Isabelle Adjani in La Reine Margot (1994)


(director/writer: Patrice Chereau; screenwriters: Daniele Thompson/based on the novel by Alexandre Dumas; cinematographer: Philippe Rousselot; editors: Francois Gedigier/Helene Viard; music: Goran Bregovic; cast: Isabelle Adjani (Margot), Daniel Auteuil (Henri de Navarre), Jean-Hugues Anglade (Charles IX), Vincent Perez (La Mole), Pascal Greggory (Duc d’Anjou), Julien Rassam (Duc d’Alencon), Virna Lisi (Catherine de Medicis), Dominique Blanc (Henriette of Nevers), Pascal Greggory (Anjou), Claudio Amendola (Coconnas), Miguel Bose (Guise), Asia Argento (Charlotte of Sauve), Julien Rassam (Alencon), Thomas Kretschmann (Nancay), Jean-Claude Brialy (Coligny); Runtime: 145; MPAA Rating: R; producer: Claude Berri; Miramax; 1994-French-German-Italian-in French with English subtitles

“Lively as spectacle shot at authentic locales.”

Reviewed by Dennis Schwartz

Previously filmed in 1954, with Jeanne Moreau. Noted director of theater and opera, Patrice Chereau (“Intimacy”/”Gabrielle”/”Hotel de France”), directs with assurance this lavish production of an historical epic. It’s based on the historical novel by Alexandre Dumas. Cowriters Chereau and Daniele Thompson keep the costumer flamboyant, bloody (a massacre, several poisonings and decapitations), erotic, filled with courtly intrigue and political machinations, daring (by showing the near rape in public of the heroine Margot by her brothers) and, at all times, lively as spectacle shot at authentic locales. One of its best features is the sumptuous painterly cinematography of Oscar-winner Phillipe Rousselot.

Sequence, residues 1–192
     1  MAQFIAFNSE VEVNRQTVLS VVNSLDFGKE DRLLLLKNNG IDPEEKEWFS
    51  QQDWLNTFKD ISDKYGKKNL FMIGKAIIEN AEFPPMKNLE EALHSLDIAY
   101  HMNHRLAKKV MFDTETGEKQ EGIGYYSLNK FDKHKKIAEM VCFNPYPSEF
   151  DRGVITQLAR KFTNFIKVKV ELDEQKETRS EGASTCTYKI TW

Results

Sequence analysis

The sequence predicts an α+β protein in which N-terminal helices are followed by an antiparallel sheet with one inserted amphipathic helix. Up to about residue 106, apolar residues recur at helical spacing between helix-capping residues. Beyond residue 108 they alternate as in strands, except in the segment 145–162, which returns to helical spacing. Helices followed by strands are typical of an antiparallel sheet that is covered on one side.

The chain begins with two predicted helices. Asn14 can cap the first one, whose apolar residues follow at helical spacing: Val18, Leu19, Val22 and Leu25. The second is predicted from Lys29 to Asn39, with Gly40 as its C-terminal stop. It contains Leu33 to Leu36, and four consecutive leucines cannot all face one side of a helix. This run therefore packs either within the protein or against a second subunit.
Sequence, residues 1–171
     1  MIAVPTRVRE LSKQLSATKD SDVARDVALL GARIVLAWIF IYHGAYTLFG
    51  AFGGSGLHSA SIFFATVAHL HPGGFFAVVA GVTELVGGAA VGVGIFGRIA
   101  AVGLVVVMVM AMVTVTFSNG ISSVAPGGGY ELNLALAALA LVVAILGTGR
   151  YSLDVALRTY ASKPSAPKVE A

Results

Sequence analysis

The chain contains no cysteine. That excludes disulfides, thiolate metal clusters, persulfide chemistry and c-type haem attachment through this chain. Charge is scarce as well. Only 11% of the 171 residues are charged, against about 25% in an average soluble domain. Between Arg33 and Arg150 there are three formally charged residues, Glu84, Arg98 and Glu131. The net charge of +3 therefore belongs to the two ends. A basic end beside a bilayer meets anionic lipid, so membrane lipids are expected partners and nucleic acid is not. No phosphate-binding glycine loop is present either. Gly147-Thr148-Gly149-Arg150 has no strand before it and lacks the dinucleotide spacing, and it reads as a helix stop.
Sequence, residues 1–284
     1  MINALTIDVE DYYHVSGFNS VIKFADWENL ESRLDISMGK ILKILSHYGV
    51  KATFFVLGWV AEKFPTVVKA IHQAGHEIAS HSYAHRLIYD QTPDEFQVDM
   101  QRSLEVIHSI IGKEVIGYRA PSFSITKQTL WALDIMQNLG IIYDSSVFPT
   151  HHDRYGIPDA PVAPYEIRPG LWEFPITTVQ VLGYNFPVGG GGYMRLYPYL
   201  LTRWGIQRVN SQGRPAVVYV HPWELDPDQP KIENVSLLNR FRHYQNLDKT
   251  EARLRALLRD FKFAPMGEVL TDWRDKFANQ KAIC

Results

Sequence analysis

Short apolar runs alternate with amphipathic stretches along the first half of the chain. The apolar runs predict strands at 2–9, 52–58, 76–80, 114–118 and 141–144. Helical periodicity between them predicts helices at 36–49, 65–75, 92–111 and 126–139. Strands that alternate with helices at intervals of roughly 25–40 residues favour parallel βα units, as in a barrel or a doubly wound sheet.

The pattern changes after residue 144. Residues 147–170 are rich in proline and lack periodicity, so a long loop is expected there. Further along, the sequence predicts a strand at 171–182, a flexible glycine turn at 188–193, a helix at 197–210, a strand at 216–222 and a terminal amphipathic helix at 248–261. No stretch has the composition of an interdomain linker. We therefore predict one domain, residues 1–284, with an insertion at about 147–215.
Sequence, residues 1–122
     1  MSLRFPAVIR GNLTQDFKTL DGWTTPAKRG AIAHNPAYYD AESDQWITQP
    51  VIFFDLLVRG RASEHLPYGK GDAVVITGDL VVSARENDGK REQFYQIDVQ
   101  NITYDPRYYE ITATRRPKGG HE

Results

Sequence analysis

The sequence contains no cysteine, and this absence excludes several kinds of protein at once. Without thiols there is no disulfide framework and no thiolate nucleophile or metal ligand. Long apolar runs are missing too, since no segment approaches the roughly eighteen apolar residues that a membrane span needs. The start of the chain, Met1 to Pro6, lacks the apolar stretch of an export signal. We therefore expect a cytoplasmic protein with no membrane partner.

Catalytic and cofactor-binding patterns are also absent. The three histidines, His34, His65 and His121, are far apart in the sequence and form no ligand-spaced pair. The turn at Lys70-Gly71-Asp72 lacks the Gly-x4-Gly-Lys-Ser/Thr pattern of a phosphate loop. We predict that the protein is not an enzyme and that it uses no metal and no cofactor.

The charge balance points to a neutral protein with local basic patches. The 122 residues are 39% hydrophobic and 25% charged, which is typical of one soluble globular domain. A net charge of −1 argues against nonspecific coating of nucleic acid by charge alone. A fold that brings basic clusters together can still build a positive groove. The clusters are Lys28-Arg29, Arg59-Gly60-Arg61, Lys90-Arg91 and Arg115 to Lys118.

It’s set in August of 1572, when ruling Catholics defended the crown against the Protestant Huguenots, who demanded religious tolerance. Margot (Isabelle Adjani) is from a ruling Catholic family, who is the mistress of her brother Alencon (Julien Rassam). She has little choice but to go along with her scheming mother, Catherine de Medici (Virna Lisi), who is also the mother to the eccentric, neurotic King Charles IX (Jean-Hugues Anglade), and marry the Protestant Henri Bourbon, the king of Navarre (Daniel Auteuil). Henry will one day rule France as Henri IV. The arranged marriage is designed to bring peace and prosperity to the country, even though both families hate and don’t trust each other. Margot learns to tolerate a husband she has no love for, until six days later there’s a massacre. For the first time Margot falls in love while nursing a well-to-do young Huguenot soldier, La Môle (Perez), who was wounded at the massacre. Margot is trapped in a country with warring Catholics and Protestants, and to add to the tension her spiteful mom tries to get her smirking homosexual son Anjou (Pascal Greggory) Henry’s crown by trying to eliminate Henry and his allies. The massacre become known as the St. Bartholomew’s Day Massacre, an infamous historical event that led to the death of some 6,000 Protestants (there’s no exact number, as some history books indicate it could be as high as 30,000 casualties). It blackened Medici’s name and left an ugly mark on France’s history.

Chéreau’s film, though overlong at the American version of 145 minutes even if shortened from the European version of 161 minutes, is nevertheless fast-paced, well-acted, and worth seeing. The Italian actress Virna Lisi won the Best Actress award at Cannes for her vitriolic performance as a manipulating monster.